If there’s one thing synonymous with conflict, it’s substance use. The impact of drugs that fueled armies doesn't get a ton of publicity, but history is littered with armies that engaged in these behaviors. From ancient warriors tripping on bog myrtle to modern soldiers buzzed on chemical combinations, soldiers have long had access to various options.
In some respect, drugs that fueled armies almost seem necessary to engage in every form of structured aggression. Since science suggests people are basically good, it’s no small stretch to suggest that the average person isn’t adequately equipped to go out and harm a bunch of strangers simply because a superior told them to do so. In some cases, historians argue that several ancient cultures made their fierce reputations on the back of mind-altering remedies. In other words, they've fueled pretty much every army ever, and there’s no sign the trend is set to change any time soon. So read on to learn about drugs that fueled armies, and how drugs won wars.
When the might of the Germans was unleashed on the world during WWII, a new term was coined to describe their speed and efficiency: "blitzkrieg," or "lightning war." At the time of Germany’s 1939 invasion of Poland, the Wehrmacht was viewed with such fear that they were considered to have superhuman stamina and strength, and a willingness to fight without hesitation.
The basis for that reputation was a medication called Pervitin, which was widely used in German society as a way to increase energy. On the battlefield, it helped soldiers go for abnormally long periods of time without eating or sleeping, while also keeping their spirits up in spite of the conditions around them.
Centuries before the Germans invented “blitzkrieg,” a small group of Vikings crafted a legend of ferocity unparalleled through the ages. They even got their own word to describe their assault: “berserk.”
Icelandic poet Snorri Sturluson once wrote of berserkers, “(Odin's) men rushed forwards without armour, were as mad as dogs or wolves, bit their shields, and were strong as bears or wild oxen, and [eliminated] people at a blow, but neither fire nor iron told upon them.”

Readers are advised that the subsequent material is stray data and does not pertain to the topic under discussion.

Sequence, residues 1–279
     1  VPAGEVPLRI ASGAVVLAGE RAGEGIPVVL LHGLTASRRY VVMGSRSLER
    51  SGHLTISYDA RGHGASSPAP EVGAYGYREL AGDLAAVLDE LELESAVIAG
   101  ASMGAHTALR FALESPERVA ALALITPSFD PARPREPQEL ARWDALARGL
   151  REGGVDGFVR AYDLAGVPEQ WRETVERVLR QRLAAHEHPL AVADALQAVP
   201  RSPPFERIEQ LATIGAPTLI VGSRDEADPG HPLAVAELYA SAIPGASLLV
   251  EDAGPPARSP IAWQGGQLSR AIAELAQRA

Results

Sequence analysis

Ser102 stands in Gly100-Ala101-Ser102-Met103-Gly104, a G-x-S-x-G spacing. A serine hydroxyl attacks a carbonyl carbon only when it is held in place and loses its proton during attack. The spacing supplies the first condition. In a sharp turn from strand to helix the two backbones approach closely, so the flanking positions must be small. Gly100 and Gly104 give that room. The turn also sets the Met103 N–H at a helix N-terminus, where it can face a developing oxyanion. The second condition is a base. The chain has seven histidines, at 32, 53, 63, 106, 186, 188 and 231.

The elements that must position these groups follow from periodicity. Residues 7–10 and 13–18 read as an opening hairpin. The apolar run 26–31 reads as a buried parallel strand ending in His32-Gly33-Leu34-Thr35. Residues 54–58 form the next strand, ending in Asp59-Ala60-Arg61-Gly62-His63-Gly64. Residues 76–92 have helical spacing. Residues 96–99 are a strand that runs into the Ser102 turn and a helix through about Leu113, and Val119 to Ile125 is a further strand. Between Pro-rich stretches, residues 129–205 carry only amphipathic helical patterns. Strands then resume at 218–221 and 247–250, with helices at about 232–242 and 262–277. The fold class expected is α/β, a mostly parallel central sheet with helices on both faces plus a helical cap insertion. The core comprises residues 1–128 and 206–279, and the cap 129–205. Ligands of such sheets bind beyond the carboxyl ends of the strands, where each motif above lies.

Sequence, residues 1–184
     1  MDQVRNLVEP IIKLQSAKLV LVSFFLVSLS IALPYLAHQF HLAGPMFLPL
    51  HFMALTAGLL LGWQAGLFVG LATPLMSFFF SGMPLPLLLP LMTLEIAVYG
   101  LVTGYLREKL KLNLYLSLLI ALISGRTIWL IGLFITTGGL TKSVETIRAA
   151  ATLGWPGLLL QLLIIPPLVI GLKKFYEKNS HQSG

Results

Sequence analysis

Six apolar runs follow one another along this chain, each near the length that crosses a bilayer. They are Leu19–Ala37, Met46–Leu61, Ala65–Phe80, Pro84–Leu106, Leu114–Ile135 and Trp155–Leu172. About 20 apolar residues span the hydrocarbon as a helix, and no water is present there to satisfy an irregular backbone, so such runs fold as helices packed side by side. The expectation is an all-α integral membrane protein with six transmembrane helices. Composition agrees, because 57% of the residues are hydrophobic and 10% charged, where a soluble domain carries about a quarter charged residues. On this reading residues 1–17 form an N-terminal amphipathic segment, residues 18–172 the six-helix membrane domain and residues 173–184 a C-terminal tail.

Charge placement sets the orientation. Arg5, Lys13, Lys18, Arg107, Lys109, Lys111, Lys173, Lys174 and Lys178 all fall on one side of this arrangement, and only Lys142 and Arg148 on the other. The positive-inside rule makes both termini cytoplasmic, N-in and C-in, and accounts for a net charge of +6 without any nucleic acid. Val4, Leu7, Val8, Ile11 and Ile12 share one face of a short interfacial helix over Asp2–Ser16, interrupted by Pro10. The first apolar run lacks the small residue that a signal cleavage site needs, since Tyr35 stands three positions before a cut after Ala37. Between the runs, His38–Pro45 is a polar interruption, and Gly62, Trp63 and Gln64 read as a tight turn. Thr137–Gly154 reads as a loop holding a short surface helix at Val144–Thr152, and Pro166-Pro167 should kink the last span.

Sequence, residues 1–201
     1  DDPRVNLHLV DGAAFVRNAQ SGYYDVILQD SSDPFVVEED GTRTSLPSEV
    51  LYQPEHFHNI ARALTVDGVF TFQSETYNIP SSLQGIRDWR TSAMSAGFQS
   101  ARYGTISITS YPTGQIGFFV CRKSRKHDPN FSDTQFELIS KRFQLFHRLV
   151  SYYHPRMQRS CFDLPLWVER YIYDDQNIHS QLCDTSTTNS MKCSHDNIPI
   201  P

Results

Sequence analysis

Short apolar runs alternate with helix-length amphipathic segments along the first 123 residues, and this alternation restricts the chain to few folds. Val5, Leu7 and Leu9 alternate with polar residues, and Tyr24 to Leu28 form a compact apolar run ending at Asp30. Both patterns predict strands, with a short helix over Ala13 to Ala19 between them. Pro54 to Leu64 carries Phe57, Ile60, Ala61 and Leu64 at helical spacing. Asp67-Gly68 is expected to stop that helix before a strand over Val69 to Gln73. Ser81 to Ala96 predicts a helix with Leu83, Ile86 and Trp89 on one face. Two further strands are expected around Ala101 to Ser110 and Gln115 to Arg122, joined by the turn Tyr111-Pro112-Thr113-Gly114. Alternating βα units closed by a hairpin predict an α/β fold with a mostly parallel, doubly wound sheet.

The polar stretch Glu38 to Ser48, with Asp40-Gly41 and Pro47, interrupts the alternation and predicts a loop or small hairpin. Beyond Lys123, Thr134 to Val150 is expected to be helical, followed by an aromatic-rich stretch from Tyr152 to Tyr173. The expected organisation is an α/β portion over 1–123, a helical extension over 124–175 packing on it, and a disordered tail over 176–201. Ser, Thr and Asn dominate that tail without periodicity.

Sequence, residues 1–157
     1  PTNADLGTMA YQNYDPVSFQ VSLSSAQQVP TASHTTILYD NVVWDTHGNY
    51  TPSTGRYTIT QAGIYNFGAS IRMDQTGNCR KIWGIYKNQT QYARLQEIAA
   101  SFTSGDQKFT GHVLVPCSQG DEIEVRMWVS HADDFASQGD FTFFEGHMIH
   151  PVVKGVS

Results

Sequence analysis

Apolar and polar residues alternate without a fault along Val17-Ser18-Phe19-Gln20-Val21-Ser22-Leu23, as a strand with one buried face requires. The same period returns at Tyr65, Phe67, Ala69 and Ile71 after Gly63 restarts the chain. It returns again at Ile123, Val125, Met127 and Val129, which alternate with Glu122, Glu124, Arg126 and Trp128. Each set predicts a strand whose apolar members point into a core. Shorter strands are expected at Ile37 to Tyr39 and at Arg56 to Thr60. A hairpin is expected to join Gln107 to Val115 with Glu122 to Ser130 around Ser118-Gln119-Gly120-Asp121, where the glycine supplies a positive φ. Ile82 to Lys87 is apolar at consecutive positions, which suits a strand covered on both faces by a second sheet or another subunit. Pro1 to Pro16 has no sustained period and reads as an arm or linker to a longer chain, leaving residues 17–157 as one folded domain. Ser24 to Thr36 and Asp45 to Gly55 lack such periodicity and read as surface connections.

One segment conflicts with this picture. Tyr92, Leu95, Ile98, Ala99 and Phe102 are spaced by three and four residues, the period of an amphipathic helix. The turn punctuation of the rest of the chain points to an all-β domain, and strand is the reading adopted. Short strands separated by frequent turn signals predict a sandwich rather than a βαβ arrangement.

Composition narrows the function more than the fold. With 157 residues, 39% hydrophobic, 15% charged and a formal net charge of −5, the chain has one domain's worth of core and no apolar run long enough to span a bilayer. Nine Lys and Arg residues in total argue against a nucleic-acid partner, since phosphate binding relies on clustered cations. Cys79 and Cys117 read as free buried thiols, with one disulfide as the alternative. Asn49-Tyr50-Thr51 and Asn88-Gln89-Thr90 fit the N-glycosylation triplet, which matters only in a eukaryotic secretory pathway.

While the theory is debated, some historians believe that one of the primary ingredients in Scandinavian alcohol, bog myrtle, may have caused the berserker behavior. They may have also taken psychedelic mushrooms to help sink into a state of frenzy.
In ancient Rome, citizens and slaves alike consumed an estimated three liters of wine a day, meaning everybody was at least a little inebriated all of the time. For low or high classes, there was basically no stigma associated with dependency. And everybody consumed.
Since science was in its infancy, the popular belief was that Roman wine was medicinal. As such, Roman soldiers were rationed wine every day. The rations were meant to boost morale and help keep the soldiers' energy up in time of duress and near exhaustion.
If you were to imagine the most harrowing existence possible, it'd be hard to imagine something worse than the fate of extreme young soldiers. Throughout the world, small squads of young boys - mostly orphans whose parents were slain in whichever conflict drew them in - are handed arms and told to fight for their country.
In the 11-year-long civil conflict in Sierra Leone that began in 1991, child soldiers were given a substance called "brown brown" to increase the intensity of their fighting and keep them loyal to whichever faction had them in their thrall. "Brown brown" is a potent mix of cocaine and gunpowder. Former child soldier Ishmael Beah wrote in The New York Times:
We [used cannabis] and sniffed "brown brown," which was always spread out on a table near the [arms] hut, and of course I took more of the white capsules, as I had become [dependent on] them. The first time I took all these [substances] at the same time, I began to perspire so much that I took off all my clothes. My body shook, my sight became blurred and I lost my hearing for several minutes. I walked around the village restlessly. But after several doses... all I felt was numbness to everything and so much energy that I couldn't sleep for weeks.